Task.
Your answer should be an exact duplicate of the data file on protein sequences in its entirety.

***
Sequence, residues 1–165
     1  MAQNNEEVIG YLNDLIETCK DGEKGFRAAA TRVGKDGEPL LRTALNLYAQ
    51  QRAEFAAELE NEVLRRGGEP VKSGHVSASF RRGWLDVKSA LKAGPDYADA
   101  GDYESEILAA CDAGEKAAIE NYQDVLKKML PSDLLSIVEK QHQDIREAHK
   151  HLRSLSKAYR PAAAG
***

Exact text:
Sequence, residues 1–165
     1  MAQNNEEVIG YLNDLIETCK DGEKGFRAAA TRVGKDGEPL LRTALNLYAQ
    51  QRAEFAAELE NEVLRRGGEP VKSGHVSASF RRGWLDVKSA LKAGPDYADA
   101  GDYESEILAA CDAGEKAAIE NYQDVLKKML PSDLLSIVEK QHQDIREAHK
   151  HLRSLSKAYR PAAAG